Replies to this message:
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damoncasale
Member (Idle past 2180 days)
Posts: 41
From: Seffner, FL, USA
Joined: 12-09-2010


Message 24 of 82 (595780)
12-10-2010 11:14 AM
Reply to: Message 21 by Dr Adequate
12-10-2010 10:52 AM


Yes, well, there may be no archaeo-astronomical dating methods that will help you in that respect. Just because it would be way cool if there were doesn't mean that you should leap at any flimsy ill-evidenced story that there are.

So archaeo-astronomy is basically unverifiable, is that what you're saying?

That's fine if that's the case. I just didn't know one way or the other. What I do know is that it's now generally accepted that Stonehenge was originally a prehistoric observatory, whereas that theory sent shock waves through the establishment when it was first presented. So I do know that ancient peoples were commonly making astronomical observations (since stone circles like this one, aligned to solstices, able to predict lunar eclipses, etc.) are very common. But other than that, I'm very unfamiliar with what's accepted and what's not.

As far as Dr. Adequate's assessment of Graham Hancock's theories, yes, that's exactly why I *don't* think astronomical synchronisms are at all reliable methods of dating.

Regarding Jar and Theodoric's posts, look, I haven't been able to find further documentation on this myself. If you guys are going to complain that it "sounds suspicious" or whatever, go ahead...but I'm not interested in discussing that. If you want to read Zitman's book and see what he says about it, fine, but I'm not about to excerpt massive parts of his book on this forum. I'm not in the mood to do your research for you, sorry. If you can find other *scientific* research or analysis into this tablet and can post what you find, I'd be interested in that, but otherwise, let's move on please.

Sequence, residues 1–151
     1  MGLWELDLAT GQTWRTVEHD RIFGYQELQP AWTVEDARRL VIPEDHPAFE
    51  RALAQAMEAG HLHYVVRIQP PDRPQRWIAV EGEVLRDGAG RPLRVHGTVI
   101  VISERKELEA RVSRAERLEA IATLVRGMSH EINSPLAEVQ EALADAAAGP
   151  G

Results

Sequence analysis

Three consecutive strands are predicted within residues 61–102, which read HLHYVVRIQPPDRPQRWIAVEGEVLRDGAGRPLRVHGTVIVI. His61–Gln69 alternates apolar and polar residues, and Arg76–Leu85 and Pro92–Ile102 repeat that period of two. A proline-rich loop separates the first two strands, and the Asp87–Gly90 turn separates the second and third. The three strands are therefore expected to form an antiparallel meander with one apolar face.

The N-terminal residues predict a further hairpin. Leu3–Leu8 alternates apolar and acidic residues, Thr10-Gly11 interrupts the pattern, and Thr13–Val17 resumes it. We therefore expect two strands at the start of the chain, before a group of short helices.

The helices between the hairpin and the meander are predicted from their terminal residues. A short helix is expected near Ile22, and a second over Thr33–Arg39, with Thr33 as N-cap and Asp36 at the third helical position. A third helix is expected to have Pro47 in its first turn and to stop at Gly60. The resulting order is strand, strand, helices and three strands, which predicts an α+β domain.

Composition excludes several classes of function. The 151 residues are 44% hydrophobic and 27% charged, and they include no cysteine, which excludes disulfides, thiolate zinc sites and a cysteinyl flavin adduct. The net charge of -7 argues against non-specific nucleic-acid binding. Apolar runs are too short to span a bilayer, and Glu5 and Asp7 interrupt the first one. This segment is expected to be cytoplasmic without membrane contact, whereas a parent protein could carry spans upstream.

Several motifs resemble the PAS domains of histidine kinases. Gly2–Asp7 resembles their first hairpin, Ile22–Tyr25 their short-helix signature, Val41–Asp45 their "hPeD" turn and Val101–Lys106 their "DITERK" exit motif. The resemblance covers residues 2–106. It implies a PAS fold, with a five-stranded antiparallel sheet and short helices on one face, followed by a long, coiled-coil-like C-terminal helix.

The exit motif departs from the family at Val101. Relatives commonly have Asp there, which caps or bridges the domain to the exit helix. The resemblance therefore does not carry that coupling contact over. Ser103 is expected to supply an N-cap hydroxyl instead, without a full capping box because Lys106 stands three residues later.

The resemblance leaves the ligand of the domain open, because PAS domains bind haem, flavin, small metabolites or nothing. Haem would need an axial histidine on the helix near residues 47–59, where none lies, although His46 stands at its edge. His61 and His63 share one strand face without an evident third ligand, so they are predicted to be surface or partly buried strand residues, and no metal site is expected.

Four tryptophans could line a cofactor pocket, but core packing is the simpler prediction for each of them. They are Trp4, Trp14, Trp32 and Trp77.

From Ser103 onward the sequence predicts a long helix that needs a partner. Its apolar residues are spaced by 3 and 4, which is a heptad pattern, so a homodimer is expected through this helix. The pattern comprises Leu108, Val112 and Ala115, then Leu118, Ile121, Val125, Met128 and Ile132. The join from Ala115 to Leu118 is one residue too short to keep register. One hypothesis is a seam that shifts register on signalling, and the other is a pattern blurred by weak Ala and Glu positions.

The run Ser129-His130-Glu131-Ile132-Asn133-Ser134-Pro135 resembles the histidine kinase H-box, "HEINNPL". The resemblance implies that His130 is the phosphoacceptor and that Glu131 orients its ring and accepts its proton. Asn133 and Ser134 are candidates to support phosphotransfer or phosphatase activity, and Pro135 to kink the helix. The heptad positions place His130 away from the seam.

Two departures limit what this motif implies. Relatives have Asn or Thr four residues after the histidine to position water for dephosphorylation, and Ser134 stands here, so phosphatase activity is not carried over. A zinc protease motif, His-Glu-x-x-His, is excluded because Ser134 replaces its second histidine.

Damon


This message is a reply to:
 Message 21 by Dr Adequate, posted 12-10-2010 10:52 AM Dr Adequate has responded

Replies to this message:
 Message 27 by Dr Adequate, posted 12-10-2010 11:58 AM damoncasale has responded

    
Theodoric
Member
Posts: 5705
From: Northwest, WI, USA
Joined: 08-15-2005
Member Rating: 2.9


Message 25 of 82 (595785)
12-10-2010 11:36 AM
Reply to: Message 23 by damoncasale
12-10-2010 11:04 AM


Really?
Astronomical knowledge and observation techniques has *declined* from roughly 3500 BC onwards. It's only gotten worse, not better.

So you are proposing that astronomical knowledge and observation techniques were more advanced in 3500 BCE than they are now?

There is a book titled "Civilization One" by Christopher Knight and Alan Butler which discusses the way that ancient peoples were able to create standardized units of weight, measurement time, etc., based on astronomical measurements. They understood that the earth was a sphere and somehow knew how to calculate latitude and even longitude (using lunar eclipses, apparently).